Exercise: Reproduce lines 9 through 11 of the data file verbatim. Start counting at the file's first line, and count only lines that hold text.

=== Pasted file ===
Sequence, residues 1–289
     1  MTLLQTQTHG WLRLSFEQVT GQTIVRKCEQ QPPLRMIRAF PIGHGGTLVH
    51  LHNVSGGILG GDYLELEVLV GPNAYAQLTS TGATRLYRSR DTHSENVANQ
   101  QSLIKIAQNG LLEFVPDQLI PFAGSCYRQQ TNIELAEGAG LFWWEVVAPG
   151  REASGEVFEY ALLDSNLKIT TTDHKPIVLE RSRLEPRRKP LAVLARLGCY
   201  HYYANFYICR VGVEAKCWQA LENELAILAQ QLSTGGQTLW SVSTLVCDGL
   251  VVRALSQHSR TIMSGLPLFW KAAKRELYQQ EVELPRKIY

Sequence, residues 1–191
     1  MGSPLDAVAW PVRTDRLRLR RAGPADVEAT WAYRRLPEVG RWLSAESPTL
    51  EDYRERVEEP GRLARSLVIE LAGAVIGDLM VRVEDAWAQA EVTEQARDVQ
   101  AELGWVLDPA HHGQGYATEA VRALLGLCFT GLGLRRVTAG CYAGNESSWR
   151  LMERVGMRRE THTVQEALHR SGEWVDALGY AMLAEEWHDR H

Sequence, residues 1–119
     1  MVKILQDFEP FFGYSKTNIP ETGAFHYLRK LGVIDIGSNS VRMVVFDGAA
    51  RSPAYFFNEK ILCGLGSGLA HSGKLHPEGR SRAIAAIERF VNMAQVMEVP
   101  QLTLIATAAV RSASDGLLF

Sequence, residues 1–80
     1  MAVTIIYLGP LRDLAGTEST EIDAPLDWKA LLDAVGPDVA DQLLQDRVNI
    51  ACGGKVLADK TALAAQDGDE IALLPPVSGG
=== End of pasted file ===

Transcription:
     1  MGSPLDAVAW PVRTDRLRLR RAGPADVEAT WAYRRLPEVG RWLSAESPTL
    51  EDYRERVEEP GRLARSLVIE LAGAVIGDLM VRVEDAWAQA EVTEQARDVQ
   101  AELGWVLDPA HHGQGYATEA VRALLGLCFT GLGLRRVTAG CYAGNESSWR